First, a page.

America’s 400 richest are collecting far more of the nation’s income than they did two generations ago — and paying Uncle Sam far less. To fudge these facts, pals of plutocrats are having to work overtime.
In any society where great stashes of wealth amass at the top, philosopher Elizabeth Anderson reminds us, the wealthy will sooner or later see most of the rest of us as failures.
To really take on grandiosity and greed, a new report from a prestigious CEO pay watchdog suggests, we may need to shove onto the global political stage the notion of a maximum wage.
Corporate movers and shakers are now maneuvering, via global trade negotiations, for the power to erase governmental decisions that complicate their profiteering. Will they get it? Trade union analyst Thea Lee sees reasons they just might not.
The kingpins of Congress have spent years carving tax loopholes that help America’s CEOs fleece the federal treasury. Now these kingpins are pushing a corporate tax ‘reform’ that ignores the loopholes.
“Social spending in the United States is 40 percent lower than it would be if policymakers didn’t disproportionately respond to the rich.”
Sean McElwee, Rise of the imperial plutocracy, Salon, August 31, 2015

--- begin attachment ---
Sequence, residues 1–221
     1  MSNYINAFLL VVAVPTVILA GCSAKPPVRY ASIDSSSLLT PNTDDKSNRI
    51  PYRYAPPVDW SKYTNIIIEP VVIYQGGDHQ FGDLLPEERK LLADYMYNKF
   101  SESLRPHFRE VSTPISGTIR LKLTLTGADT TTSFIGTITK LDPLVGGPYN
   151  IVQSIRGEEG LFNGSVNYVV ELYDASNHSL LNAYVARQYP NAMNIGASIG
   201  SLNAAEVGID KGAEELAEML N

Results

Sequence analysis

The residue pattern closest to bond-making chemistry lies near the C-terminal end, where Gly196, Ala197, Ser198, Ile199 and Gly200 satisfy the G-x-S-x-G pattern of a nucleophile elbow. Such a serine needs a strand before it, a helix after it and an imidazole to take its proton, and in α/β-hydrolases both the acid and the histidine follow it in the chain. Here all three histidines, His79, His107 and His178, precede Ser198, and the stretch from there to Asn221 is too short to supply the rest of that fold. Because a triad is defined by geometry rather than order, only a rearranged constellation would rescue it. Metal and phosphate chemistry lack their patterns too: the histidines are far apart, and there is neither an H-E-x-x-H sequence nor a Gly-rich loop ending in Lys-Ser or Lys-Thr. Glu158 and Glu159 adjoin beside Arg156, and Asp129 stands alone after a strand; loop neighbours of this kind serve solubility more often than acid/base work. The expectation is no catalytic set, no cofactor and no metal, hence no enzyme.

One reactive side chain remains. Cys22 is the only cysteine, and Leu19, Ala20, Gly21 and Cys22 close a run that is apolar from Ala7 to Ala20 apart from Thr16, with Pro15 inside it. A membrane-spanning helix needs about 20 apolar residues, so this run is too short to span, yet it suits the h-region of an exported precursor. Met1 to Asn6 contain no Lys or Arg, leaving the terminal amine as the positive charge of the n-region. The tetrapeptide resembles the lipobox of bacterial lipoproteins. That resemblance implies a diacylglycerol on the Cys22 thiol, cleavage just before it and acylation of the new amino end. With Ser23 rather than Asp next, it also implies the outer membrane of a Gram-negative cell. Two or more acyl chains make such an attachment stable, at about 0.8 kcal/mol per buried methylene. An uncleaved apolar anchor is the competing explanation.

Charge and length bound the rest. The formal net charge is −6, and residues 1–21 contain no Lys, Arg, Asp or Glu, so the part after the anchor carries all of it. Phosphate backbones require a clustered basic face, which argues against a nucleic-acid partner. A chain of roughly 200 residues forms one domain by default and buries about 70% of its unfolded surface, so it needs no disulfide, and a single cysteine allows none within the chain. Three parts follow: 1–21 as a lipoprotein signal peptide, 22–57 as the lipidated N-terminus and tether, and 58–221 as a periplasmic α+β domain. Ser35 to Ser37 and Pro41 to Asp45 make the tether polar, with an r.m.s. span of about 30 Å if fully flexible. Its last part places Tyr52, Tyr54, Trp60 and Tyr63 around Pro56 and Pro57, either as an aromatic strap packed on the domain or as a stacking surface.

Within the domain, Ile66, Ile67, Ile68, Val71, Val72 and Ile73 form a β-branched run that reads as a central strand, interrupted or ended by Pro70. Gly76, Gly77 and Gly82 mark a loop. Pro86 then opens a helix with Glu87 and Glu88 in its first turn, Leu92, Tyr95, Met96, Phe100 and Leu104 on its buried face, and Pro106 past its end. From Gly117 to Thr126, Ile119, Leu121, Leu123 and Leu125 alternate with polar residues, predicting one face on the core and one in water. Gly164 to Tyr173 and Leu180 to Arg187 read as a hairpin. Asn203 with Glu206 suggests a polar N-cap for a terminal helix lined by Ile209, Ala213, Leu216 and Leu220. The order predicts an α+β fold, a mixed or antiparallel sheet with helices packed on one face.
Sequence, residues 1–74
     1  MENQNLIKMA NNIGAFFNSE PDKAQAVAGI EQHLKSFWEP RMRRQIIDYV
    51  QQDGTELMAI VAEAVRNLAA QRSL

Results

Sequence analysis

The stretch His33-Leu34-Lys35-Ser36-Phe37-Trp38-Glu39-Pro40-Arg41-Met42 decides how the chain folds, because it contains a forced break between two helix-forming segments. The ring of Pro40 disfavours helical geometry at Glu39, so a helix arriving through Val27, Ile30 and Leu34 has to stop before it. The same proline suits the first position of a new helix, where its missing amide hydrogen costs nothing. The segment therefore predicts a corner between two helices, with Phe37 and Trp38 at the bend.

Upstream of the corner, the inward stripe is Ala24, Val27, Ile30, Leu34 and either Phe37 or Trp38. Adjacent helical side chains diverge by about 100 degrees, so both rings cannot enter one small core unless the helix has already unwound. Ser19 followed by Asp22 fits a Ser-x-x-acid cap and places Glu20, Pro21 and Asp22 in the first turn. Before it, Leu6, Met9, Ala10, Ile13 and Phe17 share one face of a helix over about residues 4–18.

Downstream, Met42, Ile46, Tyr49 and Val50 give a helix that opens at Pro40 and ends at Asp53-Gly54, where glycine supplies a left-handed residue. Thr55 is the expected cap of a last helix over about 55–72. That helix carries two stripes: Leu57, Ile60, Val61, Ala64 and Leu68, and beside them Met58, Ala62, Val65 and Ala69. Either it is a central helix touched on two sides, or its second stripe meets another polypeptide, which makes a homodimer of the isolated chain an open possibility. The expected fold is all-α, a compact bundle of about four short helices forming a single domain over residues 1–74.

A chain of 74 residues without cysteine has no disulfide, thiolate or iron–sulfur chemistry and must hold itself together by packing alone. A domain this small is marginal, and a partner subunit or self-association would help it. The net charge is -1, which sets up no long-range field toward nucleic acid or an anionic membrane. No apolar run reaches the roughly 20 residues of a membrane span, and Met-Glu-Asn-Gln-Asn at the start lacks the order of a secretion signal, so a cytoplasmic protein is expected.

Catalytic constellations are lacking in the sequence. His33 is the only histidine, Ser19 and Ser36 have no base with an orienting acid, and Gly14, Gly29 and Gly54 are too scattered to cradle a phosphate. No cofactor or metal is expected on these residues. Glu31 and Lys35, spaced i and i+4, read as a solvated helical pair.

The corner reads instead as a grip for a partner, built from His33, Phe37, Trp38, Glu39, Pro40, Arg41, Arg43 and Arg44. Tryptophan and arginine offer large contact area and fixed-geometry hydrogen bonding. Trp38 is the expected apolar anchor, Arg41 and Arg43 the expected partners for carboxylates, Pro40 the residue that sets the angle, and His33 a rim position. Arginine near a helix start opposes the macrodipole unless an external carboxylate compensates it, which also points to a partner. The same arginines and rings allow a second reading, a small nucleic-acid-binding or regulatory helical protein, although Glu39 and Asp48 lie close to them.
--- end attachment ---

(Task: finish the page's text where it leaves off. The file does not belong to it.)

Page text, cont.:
The world’s wealthiest are hiding from their national tax collectors as much as $32 trillion, calculates former McKinsey chief economist James Henry, “a sum larger than the entire American economy.”
Too Much editor Sam Pizzigati’s history of the forgotten triumph over America’s original plutocracy that created the American middle class.
This American Library Association “outstanding title” of the year explores the price we pay for massive inequality. Now available for reading online.
Back in the 1930s, a University of Chicago project set out to list western civilization’s greatest books. Only one book by a living author, this one, made the cut.
No 13-digit fortune has yet appeared on the horizon. But if we wait until we get close enough to see one, warns wealth analyst Bob Lord, we may find our plutocracy set eternally in concrete.